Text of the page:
Plastics contain chemicals that are toxic to humans. Called per- and polyfluoroalkyl substances (PFAS), these toxins are phthalates, BPA (bisphenol A) and other bisphenols. These chemicals are added to plastics during manufacturing to make them harder or softer, transparent, and durable. These toxins are literally everywhere and never fully break down, remaining in the environment and people for decades. Found in an estimated 99% of all Americans, PFAS enter your body through what you eat, drink, touch and breathe.

There are many different toxins in our environment, but PFAS are directly linked to male infertility.

PFAS are endocrine disruptors (EDCs) that can interfere with male reproductive function. When absorbed in the body, EDCs can decrease or increase normal hormone levels, mimic the body’s natural hormones, or alter the natural production of hormones, resulting in lower sperm count and motility, and lower amount and quality of semen.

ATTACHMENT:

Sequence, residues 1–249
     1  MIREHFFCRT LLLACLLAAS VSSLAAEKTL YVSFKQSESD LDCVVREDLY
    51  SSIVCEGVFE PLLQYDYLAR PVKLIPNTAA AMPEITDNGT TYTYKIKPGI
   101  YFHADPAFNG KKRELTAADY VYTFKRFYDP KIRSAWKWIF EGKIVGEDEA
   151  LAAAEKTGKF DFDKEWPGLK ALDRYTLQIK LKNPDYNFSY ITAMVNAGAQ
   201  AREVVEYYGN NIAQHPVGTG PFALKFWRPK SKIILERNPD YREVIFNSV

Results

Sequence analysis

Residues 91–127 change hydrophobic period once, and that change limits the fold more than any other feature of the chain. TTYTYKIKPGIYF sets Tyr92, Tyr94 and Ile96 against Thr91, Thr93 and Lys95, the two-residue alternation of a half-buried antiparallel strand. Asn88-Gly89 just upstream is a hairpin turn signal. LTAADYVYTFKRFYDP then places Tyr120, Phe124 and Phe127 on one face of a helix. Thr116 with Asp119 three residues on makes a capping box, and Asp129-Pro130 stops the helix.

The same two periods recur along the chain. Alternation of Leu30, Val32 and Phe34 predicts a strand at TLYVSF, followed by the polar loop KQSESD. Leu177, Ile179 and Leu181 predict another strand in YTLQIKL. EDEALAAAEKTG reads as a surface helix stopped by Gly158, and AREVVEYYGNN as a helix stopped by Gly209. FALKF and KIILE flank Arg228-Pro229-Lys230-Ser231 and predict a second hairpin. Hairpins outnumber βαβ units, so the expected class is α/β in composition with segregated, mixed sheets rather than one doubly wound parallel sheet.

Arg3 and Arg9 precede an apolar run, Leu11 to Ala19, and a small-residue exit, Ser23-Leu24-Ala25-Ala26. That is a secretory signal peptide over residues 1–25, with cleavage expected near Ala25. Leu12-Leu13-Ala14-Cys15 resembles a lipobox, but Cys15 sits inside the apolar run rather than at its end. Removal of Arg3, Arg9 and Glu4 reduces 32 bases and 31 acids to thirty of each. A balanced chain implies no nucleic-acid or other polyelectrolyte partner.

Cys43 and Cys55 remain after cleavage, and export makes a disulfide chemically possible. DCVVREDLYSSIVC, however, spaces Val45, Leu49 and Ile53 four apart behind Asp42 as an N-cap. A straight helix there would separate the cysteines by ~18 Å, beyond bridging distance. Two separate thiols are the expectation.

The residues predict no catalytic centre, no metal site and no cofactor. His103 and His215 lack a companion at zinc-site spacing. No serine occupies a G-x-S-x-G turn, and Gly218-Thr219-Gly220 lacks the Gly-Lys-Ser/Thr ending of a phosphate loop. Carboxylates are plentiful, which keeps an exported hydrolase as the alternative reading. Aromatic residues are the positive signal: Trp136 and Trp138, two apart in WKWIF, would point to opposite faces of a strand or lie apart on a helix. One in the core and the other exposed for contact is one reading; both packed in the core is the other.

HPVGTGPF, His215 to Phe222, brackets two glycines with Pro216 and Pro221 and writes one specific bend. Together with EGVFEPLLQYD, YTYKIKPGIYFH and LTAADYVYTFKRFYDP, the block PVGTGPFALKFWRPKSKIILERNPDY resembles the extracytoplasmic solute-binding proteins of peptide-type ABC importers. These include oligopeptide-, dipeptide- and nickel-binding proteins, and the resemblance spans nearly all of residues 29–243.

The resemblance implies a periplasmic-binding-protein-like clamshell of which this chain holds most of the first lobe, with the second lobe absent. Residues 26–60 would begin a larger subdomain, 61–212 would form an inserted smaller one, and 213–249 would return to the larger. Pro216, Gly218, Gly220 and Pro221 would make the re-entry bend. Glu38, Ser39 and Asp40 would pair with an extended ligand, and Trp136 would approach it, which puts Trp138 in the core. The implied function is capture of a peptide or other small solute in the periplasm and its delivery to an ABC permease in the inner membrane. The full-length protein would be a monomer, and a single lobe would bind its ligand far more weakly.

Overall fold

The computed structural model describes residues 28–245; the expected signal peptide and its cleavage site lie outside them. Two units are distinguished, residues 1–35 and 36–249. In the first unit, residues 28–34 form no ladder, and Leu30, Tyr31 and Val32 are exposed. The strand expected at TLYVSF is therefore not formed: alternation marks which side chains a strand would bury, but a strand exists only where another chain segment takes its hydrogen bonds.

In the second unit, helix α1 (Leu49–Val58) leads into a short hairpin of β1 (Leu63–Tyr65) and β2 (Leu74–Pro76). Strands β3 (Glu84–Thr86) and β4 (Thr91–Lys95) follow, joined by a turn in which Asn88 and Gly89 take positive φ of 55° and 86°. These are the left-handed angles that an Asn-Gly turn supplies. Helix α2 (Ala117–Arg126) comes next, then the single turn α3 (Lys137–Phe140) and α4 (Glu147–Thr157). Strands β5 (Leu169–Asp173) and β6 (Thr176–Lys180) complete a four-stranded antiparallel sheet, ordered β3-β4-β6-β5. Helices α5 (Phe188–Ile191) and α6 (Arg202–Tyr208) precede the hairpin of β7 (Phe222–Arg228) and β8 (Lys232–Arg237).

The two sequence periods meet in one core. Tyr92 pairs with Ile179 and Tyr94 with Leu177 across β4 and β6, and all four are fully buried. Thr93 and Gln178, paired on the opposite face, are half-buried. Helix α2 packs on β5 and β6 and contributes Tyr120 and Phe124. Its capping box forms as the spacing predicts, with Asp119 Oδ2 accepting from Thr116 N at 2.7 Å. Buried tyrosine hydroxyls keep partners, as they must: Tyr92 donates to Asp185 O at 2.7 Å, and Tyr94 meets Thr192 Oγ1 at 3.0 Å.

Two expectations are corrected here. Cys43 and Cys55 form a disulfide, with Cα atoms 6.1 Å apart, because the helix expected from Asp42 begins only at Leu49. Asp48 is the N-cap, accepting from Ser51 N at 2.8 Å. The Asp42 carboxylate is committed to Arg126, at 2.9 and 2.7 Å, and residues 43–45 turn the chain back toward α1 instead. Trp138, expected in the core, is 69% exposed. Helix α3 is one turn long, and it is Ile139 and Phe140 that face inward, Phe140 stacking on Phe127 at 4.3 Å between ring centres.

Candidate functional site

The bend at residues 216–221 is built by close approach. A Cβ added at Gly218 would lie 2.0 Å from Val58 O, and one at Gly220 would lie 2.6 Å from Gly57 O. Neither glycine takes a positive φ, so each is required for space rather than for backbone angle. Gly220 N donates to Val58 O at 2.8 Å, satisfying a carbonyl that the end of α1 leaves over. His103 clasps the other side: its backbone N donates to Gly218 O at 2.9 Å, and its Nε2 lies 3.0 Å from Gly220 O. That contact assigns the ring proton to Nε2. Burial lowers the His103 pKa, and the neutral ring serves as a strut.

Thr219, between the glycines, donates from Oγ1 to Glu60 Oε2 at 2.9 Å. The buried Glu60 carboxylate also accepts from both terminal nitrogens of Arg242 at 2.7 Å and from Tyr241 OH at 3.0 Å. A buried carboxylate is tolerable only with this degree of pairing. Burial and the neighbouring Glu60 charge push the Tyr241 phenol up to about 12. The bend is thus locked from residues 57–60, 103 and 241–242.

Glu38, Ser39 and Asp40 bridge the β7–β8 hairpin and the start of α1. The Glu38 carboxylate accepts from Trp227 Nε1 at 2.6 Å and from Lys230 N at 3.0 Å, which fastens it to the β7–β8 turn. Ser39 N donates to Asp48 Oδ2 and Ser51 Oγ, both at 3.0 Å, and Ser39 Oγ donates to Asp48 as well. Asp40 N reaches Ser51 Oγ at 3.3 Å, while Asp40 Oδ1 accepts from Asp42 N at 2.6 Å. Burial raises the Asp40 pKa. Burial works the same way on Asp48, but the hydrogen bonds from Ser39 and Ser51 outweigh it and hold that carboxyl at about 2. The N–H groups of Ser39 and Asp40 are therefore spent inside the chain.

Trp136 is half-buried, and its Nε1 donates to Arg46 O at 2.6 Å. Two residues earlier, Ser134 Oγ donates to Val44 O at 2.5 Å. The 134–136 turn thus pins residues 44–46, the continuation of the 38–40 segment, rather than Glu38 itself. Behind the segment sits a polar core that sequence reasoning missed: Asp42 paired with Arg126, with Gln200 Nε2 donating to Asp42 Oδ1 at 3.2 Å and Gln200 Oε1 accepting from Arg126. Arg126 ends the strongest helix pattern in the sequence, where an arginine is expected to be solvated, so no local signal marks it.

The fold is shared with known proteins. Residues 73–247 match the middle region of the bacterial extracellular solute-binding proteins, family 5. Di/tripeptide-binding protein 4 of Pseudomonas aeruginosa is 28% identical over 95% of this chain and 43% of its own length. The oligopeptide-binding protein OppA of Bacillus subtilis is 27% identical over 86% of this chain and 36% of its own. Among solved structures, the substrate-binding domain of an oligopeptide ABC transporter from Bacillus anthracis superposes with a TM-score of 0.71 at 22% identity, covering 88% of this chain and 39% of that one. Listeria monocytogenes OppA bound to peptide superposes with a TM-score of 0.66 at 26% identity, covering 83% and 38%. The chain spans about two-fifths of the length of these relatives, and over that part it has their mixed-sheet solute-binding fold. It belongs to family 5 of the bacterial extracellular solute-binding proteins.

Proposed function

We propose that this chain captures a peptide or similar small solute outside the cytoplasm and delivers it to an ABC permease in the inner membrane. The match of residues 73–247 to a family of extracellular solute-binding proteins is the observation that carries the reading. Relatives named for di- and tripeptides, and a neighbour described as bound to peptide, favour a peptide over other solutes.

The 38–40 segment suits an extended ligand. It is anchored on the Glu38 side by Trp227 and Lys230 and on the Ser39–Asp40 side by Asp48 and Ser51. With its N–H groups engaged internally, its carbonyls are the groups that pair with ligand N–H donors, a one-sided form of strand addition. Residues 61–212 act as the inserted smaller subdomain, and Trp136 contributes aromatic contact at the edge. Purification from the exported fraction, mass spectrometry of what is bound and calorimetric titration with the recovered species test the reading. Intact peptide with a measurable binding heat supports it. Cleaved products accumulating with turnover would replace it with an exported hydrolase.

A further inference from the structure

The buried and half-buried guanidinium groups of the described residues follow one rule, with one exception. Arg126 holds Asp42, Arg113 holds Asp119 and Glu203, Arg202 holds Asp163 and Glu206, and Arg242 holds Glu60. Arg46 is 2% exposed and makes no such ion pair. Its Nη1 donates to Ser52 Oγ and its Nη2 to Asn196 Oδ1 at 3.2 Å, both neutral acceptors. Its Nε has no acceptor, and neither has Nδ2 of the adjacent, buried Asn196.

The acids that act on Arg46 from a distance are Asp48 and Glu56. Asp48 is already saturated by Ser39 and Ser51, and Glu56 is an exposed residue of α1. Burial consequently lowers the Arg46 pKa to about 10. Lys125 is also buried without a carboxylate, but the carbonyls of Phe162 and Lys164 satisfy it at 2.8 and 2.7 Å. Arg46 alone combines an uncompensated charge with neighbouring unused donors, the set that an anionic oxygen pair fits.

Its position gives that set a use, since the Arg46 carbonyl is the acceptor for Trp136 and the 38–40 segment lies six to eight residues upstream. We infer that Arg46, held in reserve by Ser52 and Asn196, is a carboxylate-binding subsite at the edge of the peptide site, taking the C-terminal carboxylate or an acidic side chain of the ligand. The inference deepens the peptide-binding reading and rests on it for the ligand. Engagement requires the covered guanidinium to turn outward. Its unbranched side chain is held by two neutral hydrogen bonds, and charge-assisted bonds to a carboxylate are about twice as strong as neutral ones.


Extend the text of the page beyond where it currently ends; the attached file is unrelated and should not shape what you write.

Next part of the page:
Unfortunately, the impact of EDCs is cumulative. Generation after generation, PFAS can change the way genes are expressed, which can be inherited. This means that a father can pass along his low sperm count to a son, whose sperm count drops even lower after being exposed to endocrine disruptors.

How to reduce PFAS exposure

Many products marketed to men contain PFAS—and they can exist everywhere from food to water bottles to store receipts. But you can begin to protect your partners and sons right now by reducing their exposure to limit the effect of the toxins in their surroundings. At first, the lists below may seem daunting, but making even one small change can have an impact.

How to reduce PFAS exposure in your home